||1R37CA262011-01A1 Interpret this number
||Improving Cancer Prevention and Control Through Academic-Local Public Health Department Partnerships
Background: The 2,800 local public health departments (LHDs) in the United States have been increasingly
responsible for implementing evidence-based programs and policies (EBPPs) to prevent and control cancer in
their local communities, which has immense potential to impact population-level cancer burden. Our team has
developed effective strategies to support LHDs and their staff to implement EBPPs, including guided facilitation
and training, but the reach and sustainability of these strategies is currently limited. A promising strategy is for
LHDs to engage in an academic-public health department (AHD) partnership, in which LHD practitioners and
academics collaborate to improve public health practice and education through joint research projects and
education opportunities for students. However, research on how AHD partnerships should be structured to
improve implementation of cancer-related EBPPs is sparse.
Goal: This proposal seeks to understand how to leverage AHD partnerships to facilitate implementation of
EBPPs to prevent and control cancer.
Methods: Aim 1: We will survey an existing, nationwide network of AHD partnerships to identify 4 high- and 4
low-performing partnerships based on their implementation of cancer-related EBPPs. We will use qualitative
interviews and document reviews to refine our existing set of strategies, which can improve the use of EBPPs
(e.g., facilitation needed, defining a tailored AHD partnership “package”), based on the structures, processes,
and contextual influences among successful partnerships. Aim 2: Building on Aim 1, we will test the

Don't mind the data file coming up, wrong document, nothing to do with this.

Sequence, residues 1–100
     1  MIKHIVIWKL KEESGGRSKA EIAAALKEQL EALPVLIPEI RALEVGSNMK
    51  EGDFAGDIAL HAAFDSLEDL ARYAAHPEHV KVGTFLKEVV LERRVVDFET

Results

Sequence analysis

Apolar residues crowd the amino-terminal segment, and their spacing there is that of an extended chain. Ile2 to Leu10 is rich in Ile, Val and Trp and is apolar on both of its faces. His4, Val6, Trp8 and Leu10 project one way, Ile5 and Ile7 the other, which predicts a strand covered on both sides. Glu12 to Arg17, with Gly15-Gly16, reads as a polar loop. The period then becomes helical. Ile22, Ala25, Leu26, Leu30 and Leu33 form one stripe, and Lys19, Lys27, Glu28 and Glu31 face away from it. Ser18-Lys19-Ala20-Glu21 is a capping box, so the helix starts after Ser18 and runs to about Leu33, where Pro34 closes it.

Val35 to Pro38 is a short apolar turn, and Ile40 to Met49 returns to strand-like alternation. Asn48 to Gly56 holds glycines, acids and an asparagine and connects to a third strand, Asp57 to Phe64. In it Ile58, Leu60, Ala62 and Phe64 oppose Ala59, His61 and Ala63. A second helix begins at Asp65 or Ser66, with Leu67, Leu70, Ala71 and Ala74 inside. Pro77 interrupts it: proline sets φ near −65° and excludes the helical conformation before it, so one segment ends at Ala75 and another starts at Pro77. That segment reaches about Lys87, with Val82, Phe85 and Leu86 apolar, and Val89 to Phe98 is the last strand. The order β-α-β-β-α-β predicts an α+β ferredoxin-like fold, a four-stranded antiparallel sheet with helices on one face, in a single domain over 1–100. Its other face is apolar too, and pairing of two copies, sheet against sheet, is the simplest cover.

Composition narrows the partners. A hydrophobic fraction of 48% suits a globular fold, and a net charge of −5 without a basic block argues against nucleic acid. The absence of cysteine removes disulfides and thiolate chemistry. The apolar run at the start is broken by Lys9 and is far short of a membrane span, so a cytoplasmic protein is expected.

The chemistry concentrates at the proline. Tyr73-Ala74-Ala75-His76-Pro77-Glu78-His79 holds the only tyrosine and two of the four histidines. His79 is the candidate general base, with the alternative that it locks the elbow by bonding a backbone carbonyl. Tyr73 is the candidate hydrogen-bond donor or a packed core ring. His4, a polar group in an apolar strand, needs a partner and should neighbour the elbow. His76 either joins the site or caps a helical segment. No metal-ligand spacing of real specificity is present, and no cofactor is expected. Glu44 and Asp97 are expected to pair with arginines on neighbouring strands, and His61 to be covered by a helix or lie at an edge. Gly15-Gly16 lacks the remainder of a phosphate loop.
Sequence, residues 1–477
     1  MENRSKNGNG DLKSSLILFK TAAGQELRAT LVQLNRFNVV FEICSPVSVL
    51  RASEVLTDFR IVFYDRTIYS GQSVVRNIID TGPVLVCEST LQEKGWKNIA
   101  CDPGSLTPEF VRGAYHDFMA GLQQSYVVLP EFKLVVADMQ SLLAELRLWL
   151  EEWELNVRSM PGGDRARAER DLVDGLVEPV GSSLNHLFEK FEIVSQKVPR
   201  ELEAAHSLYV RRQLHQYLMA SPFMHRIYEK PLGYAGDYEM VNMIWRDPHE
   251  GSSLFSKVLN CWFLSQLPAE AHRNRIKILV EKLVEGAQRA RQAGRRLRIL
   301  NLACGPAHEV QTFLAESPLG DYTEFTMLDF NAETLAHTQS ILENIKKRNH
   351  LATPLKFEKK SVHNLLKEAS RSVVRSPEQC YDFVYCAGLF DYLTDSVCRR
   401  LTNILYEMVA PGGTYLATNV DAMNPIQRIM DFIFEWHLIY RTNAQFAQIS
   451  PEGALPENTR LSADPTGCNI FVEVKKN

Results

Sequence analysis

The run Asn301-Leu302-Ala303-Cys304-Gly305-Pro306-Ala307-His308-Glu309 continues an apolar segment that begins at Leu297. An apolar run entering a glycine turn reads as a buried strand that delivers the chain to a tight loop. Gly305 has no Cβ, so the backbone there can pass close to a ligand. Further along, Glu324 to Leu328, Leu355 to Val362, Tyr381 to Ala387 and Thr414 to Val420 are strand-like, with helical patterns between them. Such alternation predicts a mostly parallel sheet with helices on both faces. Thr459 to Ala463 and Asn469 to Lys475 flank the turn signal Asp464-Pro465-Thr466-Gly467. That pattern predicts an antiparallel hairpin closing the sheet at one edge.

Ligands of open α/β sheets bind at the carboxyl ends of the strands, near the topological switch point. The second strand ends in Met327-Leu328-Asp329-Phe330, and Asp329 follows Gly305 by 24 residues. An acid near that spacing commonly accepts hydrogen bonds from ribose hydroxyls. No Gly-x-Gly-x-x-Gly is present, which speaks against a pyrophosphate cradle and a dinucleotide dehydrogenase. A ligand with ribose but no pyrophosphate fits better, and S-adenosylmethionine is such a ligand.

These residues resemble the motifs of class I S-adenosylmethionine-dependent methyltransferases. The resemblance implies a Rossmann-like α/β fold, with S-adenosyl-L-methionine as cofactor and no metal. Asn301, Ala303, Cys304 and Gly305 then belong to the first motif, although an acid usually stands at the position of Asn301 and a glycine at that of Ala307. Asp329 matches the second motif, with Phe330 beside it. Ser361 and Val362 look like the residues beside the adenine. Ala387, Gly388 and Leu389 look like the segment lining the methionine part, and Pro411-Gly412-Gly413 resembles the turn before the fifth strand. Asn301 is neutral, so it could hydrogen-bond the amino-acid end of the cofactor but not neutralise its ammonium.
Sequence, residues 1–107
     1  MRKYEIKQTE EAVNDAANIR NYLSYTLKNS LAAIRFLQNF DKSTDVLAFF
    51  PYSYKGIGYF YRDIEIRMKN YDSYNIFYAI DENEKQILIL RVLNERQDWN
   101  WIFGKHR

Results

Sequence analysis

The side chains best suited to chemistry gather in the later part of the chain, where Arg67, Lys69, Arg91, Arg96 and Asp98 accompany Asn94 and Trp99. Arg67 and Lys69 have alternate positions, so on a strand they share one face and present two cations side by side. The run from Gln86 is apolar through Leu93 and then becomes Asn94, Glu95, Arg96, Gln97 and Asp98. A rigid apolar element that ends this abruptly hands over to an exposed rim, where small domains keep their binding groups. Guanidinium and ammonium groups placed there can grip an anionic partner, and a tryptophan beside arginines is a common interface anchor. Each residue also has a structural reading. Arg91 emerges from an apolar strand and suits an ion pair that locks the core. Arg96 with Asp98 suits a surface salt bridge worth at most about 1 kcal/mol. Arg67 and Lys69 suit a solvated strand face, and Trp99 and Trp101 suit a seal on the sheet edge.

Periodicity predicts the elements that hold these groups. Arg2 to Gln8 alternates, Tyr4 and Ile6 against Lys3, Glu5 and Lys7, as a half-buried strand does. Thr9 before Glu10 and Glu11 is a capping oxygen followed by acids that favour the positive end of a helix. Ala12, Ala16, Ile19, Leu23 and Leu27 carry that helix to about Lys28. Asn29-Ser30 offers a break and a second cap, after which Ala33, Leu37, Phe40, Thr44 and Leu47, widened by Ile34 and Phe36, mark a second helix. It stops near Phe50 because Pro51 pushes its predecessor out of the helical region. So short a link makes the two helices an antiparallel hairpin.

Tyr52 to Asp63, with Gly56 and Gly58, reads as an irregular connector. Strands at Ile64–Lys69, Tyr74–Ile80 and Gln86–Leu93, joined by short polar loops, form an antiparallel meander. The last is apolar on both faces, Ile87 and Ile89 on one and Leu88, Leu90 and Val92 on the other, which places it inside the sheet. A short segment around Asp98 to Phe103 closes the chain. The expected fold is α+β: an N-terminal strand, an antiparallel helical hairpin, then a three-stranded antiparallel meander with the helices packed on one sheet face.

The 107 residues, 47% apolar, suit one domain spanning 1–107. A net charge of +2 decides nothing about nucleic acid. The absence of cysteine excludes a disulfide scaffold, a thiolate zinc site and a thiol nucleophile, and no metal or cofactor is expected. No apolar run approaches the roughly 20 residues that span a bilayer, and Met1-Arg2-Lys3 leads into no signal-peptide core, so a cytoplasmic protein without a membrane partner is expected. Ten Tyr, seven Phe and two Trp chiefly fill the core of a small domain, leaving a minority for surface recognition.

effectiveness of these refined strategies designed to improve the adoption of EBPPs for cancer prevention and
control by strengthening AHD partnerships. We will conduct a group-randomized study (total N=28 AHD
partnerships) to evaluate the effect of strategies to improve the adoption of cancer control and prevention
EBPPs by supporting AHD partnerships. A mixed-methods approach will be used to evaluate changes in AHD
partnerships and understand how contextual factors may have impacted the AHD partnership’s ability to
support EBPP implementation. We will translate and disseminate findings from Phases 1 and 2 to LHD
practitioners and academic partners to support cancer prevention and control in LHDs.
Innovations and impact: The proposed study is innovative and impactful because it will be first study to focus
on local-level collaborations that leverage expertise of LHDs and academics to improve public health practice.
Also, its application of bridging factors, a component of the Exploration, Preparation, Implementation, and
Sustainment (EPIS) framework receiving a greater focus recently, will contribute to the application of emerging
components of theoretical frameworks in dissemination and implementation research. Last, this study
examines new models for how public practice and academic public health can work together to meet common
goals sustainably, i.e., without ongoing support from outside researchers.